Content marketing ROI

How to Measure Content Marketing ROI

Measuring the return on investment (ROI) of content marketing has been a central topic of discussion in the digital marketing space for decades. Content marketing ROI feels hard to pin down, which is why smart brands monitor ROI with tools and continue to invest in content marketing.

Content marketing ROI also relies on ensuring you’re selecting the right metrics, and that all stakeholders have agreed upon the value associated with those goals. For example, if you’re marketing a recruiting event with a landing page, you could aim for and track a few separate metrics:

  • How many people clicked on a post to your event landing page
  • Number of visitors to the landing page registered for the event
  • Total visitors who went to the landing page and sent in their resume
  • The number of people who clicked through to the landing page then browsed the careers page and applied for a job

You’ll also need to know the importance and value of the action you want them to do. While this is usually a product or service with a dollar value, in the example of a recruiting event, it’s the value of acquiring a new employee. In this example, some organizations might not have that value.

Therefore, you’ll have to get creative: how much does it cost them to acquire an employee by other methods? (You could use the ADP-calculated average of $4,129 if no one can tell you.) How much does an employee get for referring a successful candidate to the organization?

As demonstrated, establishing the necessary metrics is essential to determining the ROI of the campaign. You need to know the acquisition value of the target. You also need to identify the target before getting started. Too often we’re told to “quickly market something,” but in reality, a successful campaign involves identifying and tracking these metrics.

If you’re a marketer, you get this: we’ll be asked to do something quickly, and once the campaign is done, we’re asked to show our value. It can even feel like we’re being asked to justify our jobs and value – and in a way, we are!

What Is Content Marketing, Exactly?

To properly calculate content marketing ROI efforts and strategize around maximum ROI, it’s crucial to understand the definition of content marketing. You should know which efforts in your strategy fall into the domain of content marketing.

Marketers struggle with defining it because content marketing can encompass a long-term strategy. Even if you’re marketing a one-time event, you’re likely planning your campaign, creating content, and scheduling posts months or even years in advance of the single event itself.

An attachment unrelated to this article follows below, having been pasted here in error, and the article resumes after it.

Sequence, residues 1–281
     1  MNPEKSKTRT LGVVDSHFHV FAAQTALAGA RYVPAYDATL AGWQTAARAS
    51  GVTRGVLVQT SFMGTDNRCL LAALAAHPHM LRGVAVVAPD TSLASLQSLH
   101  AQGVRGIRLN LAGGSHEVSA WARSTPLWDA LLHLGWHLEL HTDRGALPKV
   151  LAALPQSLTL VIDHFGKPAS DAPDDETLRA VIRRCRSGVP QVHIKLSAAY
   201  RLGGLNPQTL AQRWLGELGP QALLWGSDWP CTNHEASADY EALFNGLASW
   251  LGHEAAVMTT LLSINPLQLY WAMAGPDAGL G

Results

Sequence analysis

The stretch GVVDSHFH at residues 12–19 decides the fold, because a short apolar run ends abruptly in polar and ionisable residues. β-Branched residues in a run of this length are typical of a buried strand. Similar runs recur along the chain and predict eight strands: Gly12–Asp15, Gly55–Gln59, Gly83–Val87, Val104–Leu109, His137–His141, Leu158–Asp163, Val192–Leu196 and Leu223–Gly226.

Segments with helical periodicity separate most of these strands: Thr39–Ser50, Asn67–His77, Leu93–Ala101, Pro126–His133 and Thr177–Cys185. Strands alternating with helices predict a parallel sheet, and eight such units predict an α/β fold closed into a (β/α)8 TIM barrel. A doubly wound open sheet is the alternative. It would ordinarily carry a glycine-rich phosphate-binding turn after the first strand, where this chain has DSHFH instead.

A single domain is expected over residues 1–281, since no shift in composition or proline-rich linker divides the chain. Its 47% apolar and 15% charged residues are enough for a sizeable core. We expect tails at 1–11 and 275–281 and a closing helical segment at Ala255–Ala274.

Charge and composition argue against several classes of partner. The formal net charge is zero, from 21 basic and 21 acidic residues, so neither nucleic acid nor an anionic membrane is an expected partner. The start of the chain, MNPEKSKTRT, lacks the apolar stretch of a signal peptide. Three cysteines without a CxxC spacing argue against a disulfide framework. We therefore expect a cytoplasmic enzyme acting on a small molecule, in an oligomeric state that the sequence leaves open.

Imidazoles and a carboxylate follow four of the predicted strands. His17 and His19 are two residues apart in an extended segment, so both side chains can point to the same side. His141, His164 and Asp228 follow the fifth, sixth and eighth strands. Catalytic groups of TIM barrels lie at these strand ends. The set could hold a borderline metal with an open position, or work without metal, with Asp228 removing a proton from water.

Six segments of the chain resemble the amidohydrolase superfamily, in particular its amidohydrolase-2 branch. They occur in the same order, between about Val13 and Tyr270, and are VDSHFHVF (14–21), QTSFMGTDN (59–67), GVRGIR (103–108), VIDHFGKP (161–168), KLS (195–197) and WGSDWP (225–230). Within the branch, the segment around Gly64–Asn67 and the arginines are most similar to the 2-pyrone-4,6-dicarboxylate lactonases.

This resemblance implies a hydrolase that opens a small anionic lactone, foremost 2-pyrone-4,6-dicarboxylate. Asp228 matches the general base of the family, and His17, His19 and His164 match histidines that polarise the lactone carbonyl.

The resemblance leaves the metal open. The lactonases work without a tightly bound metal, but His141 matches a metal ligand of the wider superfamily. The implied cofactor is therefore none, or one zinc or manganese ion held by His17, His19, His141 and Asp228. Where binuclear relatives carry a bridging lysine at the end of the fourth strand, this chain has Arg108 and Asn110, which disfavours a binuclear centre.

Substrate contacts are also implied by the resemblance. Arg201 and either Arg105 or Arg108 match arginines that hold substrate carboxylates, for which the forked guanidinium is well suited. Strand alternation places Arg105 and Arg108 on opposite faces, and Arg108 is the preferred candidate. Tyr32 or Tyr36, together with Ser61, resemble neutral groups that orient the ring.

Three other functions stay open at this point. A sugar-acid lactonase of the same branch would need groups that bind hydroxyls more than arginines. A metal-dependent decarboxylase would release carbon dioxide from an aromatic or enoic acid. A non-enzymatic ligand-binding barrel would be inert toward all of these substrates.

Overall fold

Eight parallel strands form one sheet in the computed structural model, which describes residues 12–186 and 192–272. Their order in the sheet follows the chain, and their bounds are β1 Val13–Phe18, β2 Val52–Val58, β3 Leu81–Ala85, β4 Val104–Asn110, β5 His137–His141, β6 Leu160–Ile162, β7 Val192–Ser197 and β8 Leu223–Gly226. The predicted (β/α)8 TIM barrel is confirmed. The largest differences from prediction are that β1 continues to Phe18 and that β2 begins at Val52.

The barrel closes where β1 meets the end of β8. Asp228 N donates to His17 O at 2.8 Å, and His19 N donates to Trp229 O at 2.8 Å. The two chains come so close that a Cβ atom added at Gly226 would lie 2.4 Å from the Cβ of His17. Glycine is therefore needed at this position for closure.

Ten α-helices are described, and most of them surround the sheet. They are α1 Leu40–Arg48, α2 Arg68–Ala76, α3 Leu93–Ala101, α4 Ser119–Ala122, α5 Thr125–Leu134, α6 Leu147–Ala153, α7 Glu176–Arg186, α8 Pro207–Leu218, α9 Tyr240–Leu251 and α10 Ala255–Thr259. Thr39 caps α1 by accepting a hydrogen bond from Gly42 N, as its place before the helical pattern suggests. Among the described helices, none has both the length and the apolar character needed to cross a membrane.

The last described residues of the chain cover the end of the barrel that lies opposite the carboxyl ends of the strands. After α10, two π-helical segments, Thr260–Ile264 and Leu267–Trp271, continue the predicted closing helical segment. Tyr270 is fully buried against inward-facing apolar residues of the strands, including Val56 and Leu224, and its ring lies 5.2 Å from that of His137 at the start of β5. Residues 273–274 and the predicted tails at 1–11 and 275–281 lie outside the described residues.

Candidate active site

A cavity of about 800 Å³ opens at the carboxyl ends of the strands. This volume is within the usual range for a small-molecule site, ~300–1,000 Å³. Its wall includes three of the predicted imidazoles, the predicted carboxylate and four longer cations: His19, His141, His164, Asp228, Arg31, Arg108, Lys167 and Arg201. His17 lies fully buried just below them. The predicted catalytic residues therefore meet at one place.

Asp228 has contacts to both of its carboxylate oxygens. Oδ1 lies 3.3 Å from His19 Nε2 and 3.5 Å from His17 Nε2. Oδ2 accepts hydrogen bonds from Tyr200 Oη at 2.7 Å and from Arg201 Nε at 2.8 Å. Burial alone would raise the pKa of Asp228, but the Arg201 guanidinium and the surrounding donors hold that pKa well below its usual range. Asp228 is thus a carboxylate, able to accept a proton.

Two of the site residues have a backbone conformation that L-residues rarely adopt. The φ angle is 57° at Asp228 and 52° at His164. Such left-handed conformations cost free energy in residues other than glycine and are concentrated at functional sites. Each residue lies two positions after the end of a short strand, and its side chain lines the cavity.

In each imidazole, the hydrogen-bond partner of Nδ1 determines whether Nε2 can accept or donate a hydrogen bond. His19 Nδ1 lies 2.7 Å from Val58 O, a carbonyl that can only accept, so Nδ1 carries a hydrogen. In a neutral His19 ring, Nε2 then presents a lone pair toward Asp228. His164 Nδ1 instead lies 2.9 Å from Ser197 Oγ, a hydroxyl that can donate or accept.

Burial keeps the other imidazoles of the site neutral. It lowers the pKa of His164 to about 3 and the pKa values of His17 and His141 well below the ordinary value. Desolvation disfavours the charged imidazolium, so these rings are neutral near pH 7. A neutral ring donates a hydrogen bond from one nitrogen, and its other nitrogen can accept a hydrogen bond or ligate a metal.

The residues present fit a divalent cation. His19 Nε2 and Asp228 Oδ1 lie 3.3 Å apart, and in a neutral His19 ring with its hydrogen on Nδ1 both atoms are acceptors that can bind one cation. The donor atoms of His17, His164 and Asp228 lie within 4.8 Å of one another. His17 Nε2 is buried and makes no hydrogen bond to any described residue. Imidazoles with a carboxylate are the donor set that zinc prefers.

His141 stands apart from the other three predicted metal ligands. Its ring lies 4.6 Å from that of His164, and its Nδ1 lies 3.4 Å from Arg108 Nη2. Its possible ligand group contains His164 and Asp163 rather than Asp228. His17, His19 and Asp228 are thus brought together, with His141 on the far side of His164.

Defining content marketing for your strategy means it should include the following elements:

  1. It consists of multiple pieces of content
  2. You have a way of measuring the success of the content
  3. Your target audience is clearly defined
  4. Your goal involves driving profit or creating a specific outcome, such as an email list signup, which creates profit down the road

As you can see with the email marketing example, content marketing and proving its ROI can get complex. That’s because some of the most successful marketing actions – like convincing people to sign up for your email list – don’t result in immediate sales, even though they provide value. Because of this, you want to make sure you identify and measure your conversion for each piece of content.

A marketing conversion is not necessarily a sale, but a point of success and the goal of your content. You might want your conversion to be an email list signup. This is a standard success metric because once they sign up and get personalized and/or even automated chains of emails, they’ll be more likely to buy over time with email marketing.

Email marketing has a much higher sales conversion rate than most blog posts. People won’t sign up for that email list unless they’re drawn in by another type of content such as a percentage off or a compelling piece of helpful content that they found organically.

How Is Content Marketing Value Calculated?

To calculate the value of the content, you will need to know and outline the parameters for:

  • What defines a conversion (this could include one or more targets)
  • The value of a conversion
  • The cost of creating content (for example, hiring a writer to create the content)
  • How much money you’ve spent on paid advertising
  • The length of your campaign AND the longevity of campaign measurement (evergreen content proves its value more over time)

There are a lot of marketing blogs and formulas out there to help you determine content marketing ROI, but you should also consider the standard business formula, which can help you display and calculate the success of your efforts. Standard ROI formulas ask you to consider the types of revenues and costs you incur with the “opportunity,” or in our case, a marketing campaign.

Revenue prediction:

  • Direct revenue earned
  • Indirect revenue earned
  • Residual revenue earned

Expenses prediction:

  • Direct costs incurred
  • Indirect costs incurred
  • Opportunity costs if you ignore your opportunity efforts